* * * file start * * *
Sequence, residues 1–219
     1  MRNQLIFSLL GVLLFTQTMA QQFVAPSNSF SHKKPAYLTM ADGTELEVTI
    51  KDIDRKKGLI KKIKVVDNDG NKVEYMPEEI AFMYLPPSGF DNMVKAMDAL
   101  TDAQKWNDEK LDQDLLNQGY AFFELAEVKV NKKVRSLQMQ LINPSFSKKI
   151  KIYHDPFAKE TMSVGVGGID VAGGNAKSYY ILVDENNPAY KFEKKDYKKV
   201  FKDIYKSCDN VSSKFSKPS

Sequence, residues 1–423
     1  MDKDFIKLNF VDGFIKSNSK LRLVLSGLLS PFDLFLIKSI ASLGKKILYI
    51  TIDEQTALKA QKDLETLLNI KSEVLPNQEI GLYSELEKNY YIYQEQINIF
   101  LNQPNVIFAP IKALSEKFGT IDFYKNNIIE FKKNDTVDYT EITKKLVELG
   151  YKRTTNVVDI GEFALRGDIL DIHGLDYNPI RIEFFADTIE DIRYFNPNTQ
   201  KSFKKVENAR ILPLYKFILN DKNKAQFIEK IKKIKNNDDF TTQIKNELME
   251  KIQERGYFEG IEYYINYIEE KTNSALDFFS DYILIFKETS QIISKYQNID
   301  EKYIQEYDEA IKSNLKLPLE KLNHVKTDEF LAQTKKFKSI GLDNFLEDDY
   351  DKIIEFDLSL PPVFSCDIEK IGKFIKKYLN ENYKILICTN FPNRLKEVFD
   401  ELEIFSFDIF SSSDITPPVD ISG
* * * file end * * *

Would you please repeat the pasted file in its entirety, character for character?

Sequence, residues 1–219
     1  MRNQLIFSLL GVLLFTQTMA QQFVAPSNSF SHKKPAYLTM ADGTELEVTI
    51  KDIDRKKGLI KKIKVVDNDG NKVEYMPEEI AFMYLPPSGF DNMVKAMDAL
   101  TDAQKWNDEK LDQDLLNQGY AFFELAEVKV NKKVRSLQMQ LINPSFSKKI
   151  KIYHDPFAKE TMSVGVGGID VAGGNAKSYY ILVDENNPAY KFEKKDYKKV
   201  FKDIYKSCDN VSSKFSKPS

Sequence, residues 1–423
     1  MDKDFIKLNF VDGFIKSNSK LRLVLSGLLS PFDLFLIKSI ASLGKKILYI
    51  TIDEQTALKA QKDLETLLNI KSEVLPNQEI GLYSELEKNY YIYQEQINIF
   101  LNQPNVIFAP IKALSEKFGT IDFYKNNIIE FKKNDTVDYT EITKKLVELG
   151  YKRTTNVVDI GEFALRGDIL DIHGLDYNPI RIEFFADTIE DIRYFNPNTQ
   201  KSFKKVENAR ILPLYKFILN DKNKAQFIEK IKKIKNNDDF TTQIKNELME
   251  KIQERGYFEG IEYYINYIEE KTNSALDFFS DYILIFKETS QIISKYQNID
   301  EKYIQEYDEA IKSNLKLPLE KLNHVKTDEF LAQTKKFKSI GLDNFLEDDY
   351  DKIIEFDLSL PPVFSCDIEK IGKFIKKYLN ENYKILICTN FPNRLKEVFD
   401  ELEIFSFDIF SSSDITPPVD ISG